By now we know for certain that our national food system — based on cheap prices, easy access and enormous quantities of sugar and processed fare — is making us sick and degrading our land. We continue to get fatter as factory farms force both workers and animals into inhumane conditions and practices.
But here and there are glimmers of positive change: the multiple small farmers around the Bluegrass who bring fresh, locally produced food to farmers markets, and the growing numbers of people who buy it. And now, we see larger entities who recognize that need and have the power to actually change the systems, both because it’s good for them and good for the larger community.
I’m talking about schools like the University of Kentucky and Transylvania University whose require their food vendors to buy a certain percentage of fresh, local food. After an initial stumble, when it counted soft drinks and ice as local purchases, UK and Aramark have become leaders in local purchasing for their cafeterias.
In fiscal year 2019, Aramark bought $2.6 million in local food and food business purchases for UK, which is 146 percent of the required minimum of its contract with UK. That’s 23 percent of total food purchases, up from 18 percent from the year before.
Of particular note is the whole animal program. Last year, Marksbury Farms, which sell only certified pastured raised and humanely handled animals, “sourced three whole cattle and four whole hogs per week, which came from 14 cattle producers and four pork producers,” this year’s UK food report notes.
The UK Dining salad bar program has also allowed local farmers to expand production because they know they have a market.
The programs “directly impact several Central Kentucky farms in a meaningful way and both programs have the potential to be scaled and replicated at other institutional venues that are interested in providing fresh, wholesome food and supporting Kentucky farmers,” said Ashton Potter Wright, the Bluegrass Farm to Table coordinator, who helps large entities connect with providers.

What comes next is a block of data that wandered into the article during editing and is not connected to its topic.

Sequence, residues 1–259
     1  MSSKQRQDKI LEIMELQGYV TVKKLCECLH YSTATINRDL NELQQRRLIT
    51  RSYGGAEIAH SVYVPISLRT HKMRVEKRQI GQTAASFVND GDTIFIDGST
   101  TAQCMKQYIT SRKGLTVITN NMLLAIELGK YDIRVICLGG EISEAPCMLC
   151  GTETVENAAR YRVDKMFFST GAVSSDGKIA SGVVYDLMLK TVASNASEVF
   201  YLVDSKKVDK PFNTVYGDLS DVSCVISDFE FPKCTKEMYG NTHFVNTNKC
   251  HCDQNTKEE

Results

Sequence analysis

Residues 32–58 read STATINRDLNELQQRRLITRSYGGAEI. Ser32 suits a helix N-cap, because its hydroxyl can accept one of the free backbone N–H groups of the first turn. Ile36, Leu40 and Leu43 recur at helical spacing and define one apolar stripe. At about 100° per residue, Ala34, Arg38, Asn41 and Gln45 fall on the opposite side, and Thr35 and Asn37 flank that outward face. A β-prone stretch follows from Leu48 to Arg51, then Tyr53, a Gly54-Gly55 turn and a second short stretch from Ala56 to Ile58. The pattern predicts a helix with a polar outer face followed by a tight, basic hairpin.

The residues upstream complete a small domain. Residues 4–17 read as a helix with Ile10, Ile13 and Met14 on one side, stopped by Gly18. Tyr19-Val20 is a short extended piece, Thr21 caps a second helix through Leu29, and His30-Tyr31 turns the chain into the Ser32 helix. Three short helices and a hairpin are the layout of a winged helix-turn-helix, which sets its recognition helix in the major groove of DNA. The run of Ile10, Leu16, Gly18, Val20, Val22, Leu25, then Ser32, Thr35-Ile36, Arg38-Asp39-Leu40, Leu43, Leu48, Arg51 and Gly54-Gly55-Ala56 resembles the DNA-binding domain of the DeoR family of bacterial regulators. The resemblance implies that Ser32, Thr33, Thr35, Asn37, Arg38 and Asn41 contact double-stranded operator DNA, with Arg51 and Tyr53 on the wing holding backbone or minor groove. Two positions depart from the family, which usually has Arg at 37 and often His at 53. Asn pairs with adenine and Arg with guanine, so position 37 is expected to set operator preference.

She worked on a new partnership between Transylvania University and its new dining provider, Bon Appetit. Marc Mathews, Transy’s vice-president for finance, said the school had wanted to shift to more local food, but its previous food provider Sodexo could not meet the demand.
“We wanted food to be a differentiator,” Mathews said. “There’s an interest in good and healthy eating.”
In the first year of the contract, Bon Appetit has already exceeded the 20 percent baseline in local purchasing, Mathews said. Students have noticed the difference, he said, “they’re going to main course line instead of straight to the pizza and burgers.” Transy’s dining halls are open to the public if anyone wants to try the food.
Wright has also been working with the Lexington Convention Center, which is poised to sign a new contract with Levy Restaurants, a massive food service company based in Chicago, which also serves the Kentucky Horse Park, Churchill Downs and the Kentucky Speedway.
The Kentucky Horse Park’s contract with Levy does not require local purchasing, although Levy says it tries to buy local when possible, said Horse Park spokeswoman Kerri Howe.
Fayette County School Superintendent Manny Caulk said the district “is committed to growing our spending with local farmers through our Farm to School program and we’re proud to have nearly tripled our investment over a five-year period,” he said. Fayette spent $72,146 with local farms last year and expects to spend $100,000 this year, an increase of 38 percent. That’s about 1.4 percent of the $7 million food budget.
Bill Owen, executive director of the convention center, said the Levy contract will have a mandatory minimum of local purchasing, but it’s not yet clear exactly what that will be. Because of the state’s $60 million commitment to the convention center renovation, local purchasing will include the entire state of Kentucky.
That contract could be voted on as early as Thursday. The details will matter as to how much actual local purchasing is done. Let’s hope the Lexington Center board will recognize the worth of serving better food and stimulating the local farm economy. There are plenty of models to follow, right here in our community.